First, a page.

Staging The Exchange

The ExchangeLet’s create a stage for a play called The Exchange. Imagine a country where there are multiple cultures, each with its own language and religion. Let’s put 51.7 million people in that world: 41 million black, 4.5 million white, 4.6 million coloured and 1.3 million Asian or Indian. Further divide the black population into four major ethnic groups: Nquni (Zulu, Xhosa, Ndebele and Swazi), Sotho, Shangaan-Tsonga and Venda. Each of these is made up of various subgroups. Don’t forget to split the white population into 60 percent of Afrikaans descent, and the remaining 40 from British or European origin.

To facilitate communication between the multilayered inhabitants, we’ll kick off with eleven official languages. These are English (9.6%), Afrikaans (13.5%), Ndebele (2.1%), Sepedi (9.1%), Xhosa (16%), Venda (2.4%), Tswana (8%), Southern Sotho (7.6%), Zulu (22%), Swazi or SiSwati (2.5%) and Tsonga (4.5%). There are more, but at least everyone should speak one of these languages, if not as their first, then as their second tongue. Each is a semantic whirlpool, the written form of some established as little as 70 years ago, that strives to convey meaning across a broad spectrum of belief systems and traditions. The tower of Babel recreated? Something like that. We’re going to call it the rainbow nation. Its graphical location is South Africa.

Next up is tossing some characters into the mix. There’s Maggie (divorcée), Reese (nature activist), Nel (lady of leisure), Pattie (struggling lecturer), Xandi (polygamous wife), and Amina (devoted wife). You couldn’t ask for a more diverse group, but that’s what our demographic stage is famous for. Add each woman’s personality and unique frame of reference to the scenario, and things should get interesting. Now that the backdrop is set and the cast has their script, we can get into the exciting part–the action.

First of all, The Exchange is not a political story. Our six cast members are from diverse socio-economic and ethnic backgrounds, brought together by a wine club, which later changes to a book club when Maggie becomes an alcoholic, so it’s all just an excuse to meet up. What will happen when an experience in Act One changes the emotional status of one member? The scale tips. The dynamic as a whole shifts and stimulates new behavior that changes the relationships of the group members with one another. In domino effect, this single event leads to others that shape the future.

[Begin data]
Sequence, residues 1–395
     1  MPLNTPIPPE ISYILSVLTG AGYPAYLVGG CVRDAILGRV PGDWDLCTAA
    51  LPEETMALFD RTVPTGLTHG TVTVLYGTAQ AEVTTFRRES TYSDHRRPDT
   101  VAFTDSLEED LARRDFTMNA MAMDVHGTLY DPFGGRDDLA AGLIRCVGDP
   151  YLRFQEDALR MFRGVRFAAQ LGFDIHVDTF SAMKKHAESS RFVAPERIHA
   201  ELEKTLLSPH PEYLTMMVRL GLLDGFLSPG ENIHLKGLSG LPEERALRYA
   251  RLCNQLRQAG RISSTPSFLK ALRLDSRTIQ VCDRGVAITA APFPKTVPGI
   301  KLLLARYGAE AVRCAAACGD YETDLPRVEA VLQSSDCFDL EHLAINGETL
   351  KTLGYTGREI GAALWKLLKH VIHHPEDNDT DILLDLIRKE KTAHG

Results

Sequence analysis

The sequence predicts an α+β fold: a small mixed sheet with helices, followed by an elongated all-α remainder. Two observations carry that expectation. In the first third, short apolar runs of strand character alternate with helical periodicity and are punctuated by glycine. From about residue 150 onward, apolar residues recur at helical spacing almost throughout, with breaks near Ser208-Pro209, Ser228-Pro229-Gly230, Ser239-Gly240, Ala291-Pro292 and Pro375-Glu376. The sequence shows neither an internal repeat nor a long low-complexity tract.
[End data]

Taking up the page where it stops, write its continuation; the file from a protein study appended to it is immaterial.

Our stage spotlight will turn on each woman’s character in how they deal with Pattie’s seemingly innocent flirtation when a young bookstore owner, Erick, invites her for coffee. During Act Two we get to the central theme of the story. Pattie summarises it when she says to Nel, “We always want what we don’t have.” Pattie desires what Nel has–the showcase house, the fancy car, the diamonds, the overseas holidays… Nel wants what Pattie has–a faithful husband. Envy and jealousy slip into the friendship equation. At the apex of the conflict, the women’s true natures, and traits that they are hiding from even themselves, are bared. For every action there is a counter-action. This series of acts, one detonating the next, starts to implode on the cast’s internal and external environments. At the verge of a forked road where choice will map out the new path, words and intentions have a detrimental boomerang effect. As inner truths and self-destructive characteristics are exposed, ripped open by an explosive confrontation, Pattie has yet another choice: to face, or ignore it.

In the Act Finale we come to the realization that what plays off on stage is not a moral lesson. There are no protagonists or antagonists in our drama, neither rights nor wrongs. It is not about conflict brought on by differences in race or culture, but about how values are defined. Value is the universal language that spans across eleven official ones. But with differing values, can there ever be harmony? Can friendship prevail?

The Exchange is about six women, what they think they want, what they believe they deserve, and the road they choose when the grass seems greener on the other side.

Ladies and gentleman, the curtain lifts on The Exchange.

– Charmaine Pauls

The Exchange

Buy The Exchange